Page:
- Engels, Huub, Heynick, Frank, & Staak, Cees v.d. (2003). Emil Kraepelin's dream speech: A psychoanalytical interpretation. International Journal of Psycho-Analysis 84:1281–1294.
- Engels, Huub (2009). Emil Kraepelins Traumsprache: erklären und verstehen. In Dietrich von Engelhardt und Horst-Jürgen Gerigk (ed.). Karl Jaspers im Schnittpunkt von Zeitgeschichte, Psychopathologie, Literatur und Film. p. 331–43. ISBN 978-3-86809-018-5 Heidelberg: Mattes Verlag.
- Kilroe, Patricia A. (2001). Verbal Aspects of Dreaming: A Preliminary Classification. Dreaming: Journal of the Association for the Study of Dreams. Vol 11(3) 105–113, Sep 2001.
- Kraepelin, E. (1920). Die Erscheinungsformen des Irreseins.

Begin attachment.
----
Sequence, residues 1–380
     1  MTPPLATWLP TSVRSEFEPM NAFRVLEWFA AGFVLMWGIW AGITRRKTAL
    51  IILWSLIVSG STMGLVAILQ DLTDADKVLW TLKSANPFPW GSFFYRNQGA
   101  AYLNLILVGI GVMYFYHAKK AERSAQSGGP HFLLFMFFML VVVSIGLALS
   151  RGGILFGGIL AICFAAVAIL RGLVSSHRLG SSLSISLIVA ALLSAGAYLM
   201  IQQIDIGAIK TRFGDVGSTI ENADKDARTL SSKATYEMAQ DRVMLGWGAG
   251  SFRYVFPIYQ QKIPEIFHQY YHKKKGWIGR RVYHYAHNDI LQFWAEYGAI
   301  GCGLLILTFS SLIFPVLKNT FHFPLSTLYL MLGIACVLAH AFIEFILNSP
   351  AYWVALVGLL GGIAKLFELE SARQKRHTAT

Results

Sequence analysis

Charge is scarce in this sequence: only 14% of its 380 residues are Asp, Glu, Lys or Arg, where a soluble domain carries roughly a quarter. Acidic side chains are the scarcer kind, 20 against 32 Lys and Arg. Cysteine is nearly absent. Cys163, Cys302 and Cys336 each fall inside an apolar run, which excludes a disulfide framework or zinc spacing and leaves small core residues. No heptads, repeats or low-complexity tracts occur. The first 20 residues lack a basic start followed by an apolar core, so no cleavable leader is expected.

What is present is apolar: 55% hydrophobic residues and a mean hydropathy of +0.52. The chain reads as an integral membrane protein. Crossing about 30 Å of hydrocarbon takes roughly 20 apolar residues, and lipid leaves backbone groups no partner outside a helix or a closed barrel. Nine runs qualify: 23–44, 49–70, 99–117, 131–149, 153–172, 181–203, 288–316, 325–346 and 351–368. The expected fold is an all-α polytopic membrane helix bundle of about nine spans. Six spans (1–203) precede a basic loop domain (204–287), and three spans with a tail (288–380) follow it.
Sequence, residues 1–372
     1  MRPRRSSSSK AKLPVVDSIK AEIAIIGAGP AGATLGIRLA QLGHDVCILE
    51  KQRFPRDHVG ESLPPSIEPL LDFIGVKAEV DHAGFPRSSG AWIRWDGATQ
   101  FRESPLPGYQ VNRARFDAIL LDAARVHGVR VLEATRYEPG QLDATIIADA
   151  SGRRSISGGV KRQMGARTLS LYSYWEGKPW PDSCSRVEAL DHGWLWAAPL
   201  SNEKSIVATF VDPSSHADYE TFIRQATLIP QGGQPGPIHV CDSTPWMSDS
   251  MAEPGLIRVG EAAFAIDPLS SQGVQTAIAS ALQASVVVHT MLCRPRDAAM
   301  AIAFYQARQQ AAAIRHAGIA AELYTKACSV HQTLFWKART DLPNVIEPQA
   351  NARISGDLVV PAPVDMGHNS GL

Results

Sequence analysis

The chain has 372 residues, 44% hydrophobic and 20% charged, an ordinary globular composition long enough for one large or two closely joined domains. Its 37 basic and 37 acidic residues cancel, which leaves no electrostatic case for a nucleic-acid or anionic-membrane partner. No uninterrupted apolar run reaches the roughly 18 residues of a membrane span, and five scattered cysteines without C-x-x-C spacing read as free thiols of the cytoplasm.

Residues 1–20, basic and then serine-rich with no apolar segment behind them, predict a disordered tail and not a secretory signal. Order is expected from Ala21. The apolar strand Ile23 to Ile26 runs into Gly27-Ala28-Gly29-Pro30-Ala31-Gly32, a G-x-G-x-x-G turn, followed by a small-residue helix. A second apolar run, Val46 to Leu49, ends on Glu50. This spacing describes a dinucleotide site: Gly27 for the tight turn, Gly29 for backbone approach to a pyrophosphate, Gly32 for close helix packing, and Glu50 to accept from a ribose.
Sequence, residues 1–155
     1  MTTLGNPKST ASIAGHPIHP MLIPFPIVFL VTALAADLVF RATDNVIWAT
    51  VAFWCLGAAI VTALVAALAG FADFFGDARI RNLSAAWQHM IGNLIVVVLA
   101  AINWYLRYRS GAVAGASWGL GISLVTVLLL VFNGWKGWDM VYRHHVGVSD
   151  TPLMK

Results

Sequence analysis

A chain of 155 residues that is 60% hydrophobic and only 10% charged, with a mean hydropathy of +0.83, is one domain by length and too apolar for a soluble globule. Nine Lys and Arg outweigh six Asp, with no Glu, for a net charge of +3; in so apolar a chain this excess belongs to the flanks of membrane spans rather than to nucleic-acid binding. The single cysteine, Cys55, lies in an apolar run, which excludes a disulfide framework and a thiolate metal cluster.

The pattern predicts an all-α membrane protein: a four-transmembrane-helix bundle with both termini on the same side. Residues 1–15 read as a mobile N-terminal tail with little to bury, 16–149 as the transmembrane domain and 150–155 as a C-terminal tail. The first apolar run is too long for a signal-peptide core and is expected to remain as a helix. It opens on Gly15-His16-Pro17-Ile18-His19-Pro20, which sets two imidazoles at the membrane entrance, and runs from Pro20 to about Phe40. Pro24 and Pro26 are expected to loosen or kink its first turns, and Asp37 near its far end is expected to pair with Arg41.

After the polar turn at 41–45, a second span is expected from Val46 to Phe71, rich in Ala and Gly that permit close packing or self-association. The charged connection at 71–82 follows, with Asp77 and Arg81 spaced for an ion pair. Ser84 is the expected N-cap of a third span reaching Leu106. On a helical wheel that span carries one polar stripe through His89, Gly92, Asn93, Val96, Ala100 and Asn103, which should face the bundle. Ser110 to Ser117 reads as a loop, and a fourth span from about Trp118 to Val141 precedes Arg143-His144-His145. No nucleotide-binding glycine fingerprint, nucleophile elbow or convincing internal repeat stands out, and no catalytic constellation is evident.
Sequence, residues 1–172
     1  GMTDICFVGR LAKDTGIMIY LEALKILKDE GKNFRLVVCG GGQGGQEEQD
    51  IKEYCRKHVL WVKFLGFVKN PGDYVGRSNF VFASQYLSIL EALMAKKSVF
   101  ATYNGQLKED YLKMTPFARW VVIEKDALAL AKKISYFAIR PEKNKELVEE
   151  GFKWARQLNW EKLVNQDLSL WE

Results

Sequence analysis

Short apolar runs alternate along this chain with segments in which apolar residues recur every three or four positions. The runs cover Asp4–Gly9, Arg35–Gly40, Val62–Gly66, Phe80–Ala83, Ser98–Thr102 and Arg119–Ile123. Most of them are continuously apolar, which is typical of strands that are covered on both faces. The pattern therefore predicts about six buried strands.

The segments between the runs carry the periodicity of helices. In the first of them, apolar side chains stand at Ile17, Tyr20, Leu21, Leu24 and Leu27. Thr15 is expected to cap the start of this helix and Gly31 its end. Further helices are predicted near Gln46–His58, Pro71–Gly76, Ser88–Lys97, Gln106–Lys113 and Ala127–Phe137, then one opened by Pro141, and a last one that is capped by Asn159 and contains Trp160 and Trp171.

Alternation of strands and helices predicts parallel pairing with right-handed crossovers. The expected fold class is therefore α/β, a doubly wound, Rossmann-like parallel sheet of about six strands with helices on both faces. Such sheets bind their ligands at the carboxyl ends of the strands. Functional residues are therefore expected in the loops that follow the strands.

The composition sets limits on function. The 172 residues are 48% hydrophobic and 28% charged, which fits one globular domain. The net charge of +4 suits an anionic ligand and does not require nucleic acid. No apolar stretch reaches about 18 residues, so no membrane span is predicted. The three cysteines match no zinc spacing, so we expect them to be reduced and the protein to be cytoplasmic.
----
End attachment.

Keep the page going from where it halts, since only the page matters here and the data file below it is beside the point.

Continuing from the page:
- Pincock, S. & Frary, M. (2007). Code Breaker. The History of Secret Communication. London: RH Books.
- Kraepelin's monograph Über Sprachstörungen im Traume
- PhD thesis (2005) on Kraepelin's dream speech summary in English on pages 207–214. The Kraepelin-code, detected by sort of a cryptanalysis of numerous dream speech specimens, consists of various words associated to the proper name Kraepelin. One such code word is Greek kraipalè, meaning 'hangover.' The smallest code word reads Ka. The code words drive the associations leading form the intended to the disturbed utterances in dreams. (ch. 6 lists several code words).
- article on Kraepelin's dream speech in German on pages 92-101
- dreaming in foreign languages